What is NFT?
NFT stands for non-fungible token. A non-fungible token is a financial security consisting of digital data stored in a blockchain, a form of distributed ledger.
For more detail, check out this article.
Where do NFTs go to after you bought them?
A common misconception is that NFTs are stored on the blockchain. This is not entirely accurate — depending on which part of the NFT you are referring to. The NFT itself actually refers to the digital signature that is created during the minting process, i.e. when an NFT is created. This unique digital signature (also known as a “certificate”) is a token that includes a traditional web address that links to the digital item, e.g. a digital artwork, file, or other forms of digital assets.
The digital signature itself (i.e. the token) is actually the part that is stored on the blockchain, whereas the file, which it is associated with, is stored on the platform where you purchased it.
The NFT is a way to prove ownership of the item you have bought, but the image itself lives somewhere on the web, usually the website of the marketplace where you bought it.
Ways to Store NFTs
Software Wallets (MetaMask)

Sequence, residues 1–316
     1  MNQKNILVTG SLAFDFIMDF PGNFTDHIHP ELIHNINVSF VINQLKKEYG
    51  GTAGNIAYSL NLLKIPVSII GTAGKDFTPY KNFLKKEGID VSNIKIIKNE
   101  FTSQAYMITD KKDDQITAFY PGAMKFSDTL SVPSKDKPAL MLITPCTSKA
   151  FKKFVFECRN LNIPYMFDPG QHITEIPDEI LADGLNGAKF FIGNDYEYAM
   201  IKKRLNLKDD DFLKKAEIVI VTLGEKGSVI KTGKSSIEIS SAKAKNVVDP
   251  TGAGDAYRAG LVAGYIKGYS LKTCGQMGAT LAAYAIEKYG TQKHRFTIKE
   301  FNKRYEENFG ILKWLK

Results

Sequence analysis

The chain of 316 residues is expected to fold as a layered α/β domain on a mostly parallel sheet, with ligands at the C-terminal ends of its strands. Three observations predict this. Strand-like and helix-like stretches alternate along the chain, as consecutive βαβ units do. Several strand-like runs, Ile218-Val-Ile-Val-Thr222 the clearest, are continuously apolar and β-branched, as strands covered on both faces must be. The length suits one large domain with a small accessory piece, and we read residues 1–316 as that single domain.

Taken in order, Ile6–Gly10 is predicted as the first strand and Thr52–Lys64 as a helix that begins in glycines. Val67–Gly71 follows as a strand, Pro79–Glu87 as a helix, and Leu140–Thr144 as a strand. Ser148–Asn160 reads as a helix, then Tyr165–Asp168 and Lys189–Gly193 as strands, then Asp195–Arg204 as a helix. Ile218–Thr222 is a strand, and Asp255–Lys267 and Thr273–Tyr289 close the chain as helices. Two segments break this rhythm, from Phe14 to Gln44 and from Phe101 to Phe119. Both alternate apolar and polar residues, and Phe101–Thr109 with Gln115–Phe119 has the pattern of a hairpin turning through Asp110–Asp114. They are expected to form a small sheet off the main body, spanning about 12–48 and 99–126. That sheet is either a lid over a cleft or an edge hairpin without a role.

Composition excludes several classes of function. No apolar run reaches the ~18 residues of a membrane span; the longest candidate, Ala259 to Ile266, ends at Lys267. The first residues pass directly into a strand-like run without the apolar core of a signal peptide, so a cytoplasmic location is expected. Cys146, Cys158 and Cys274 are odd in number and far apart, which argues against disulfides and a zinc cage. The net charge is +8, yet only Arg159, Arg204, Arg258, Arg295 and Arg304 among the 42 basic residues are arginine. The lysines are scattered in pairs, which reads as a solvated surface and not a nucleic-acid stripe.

Software wallets imply a clear meaning with their name, as you can find them just like any other software application. It is also interesting to note that a blockchain software wallet qualifies as a ‘hot wallet’ because of internet connectivity. Software wallets remain connected to the internet in one or another way, thereby providing the assurance of better accessibility. Some notable variants of software wallets include web wallets, desktop wallets, and mobile wallets.
There are plenty of software wallet options in the NFT space, and most of them have both mobile and web applications. However, the most popular wallet at the moment is without a doubt MetaMask, the reasons being as follows:
- MetaMask allows you to trade your tokens directly from the app: A DEX (Decentralized Exchange) such as Uniswap can be used manually or you can utilize the built-in Swaps function in the MetaMask wallet (the browser extension version and the mobile app version both offer this feature).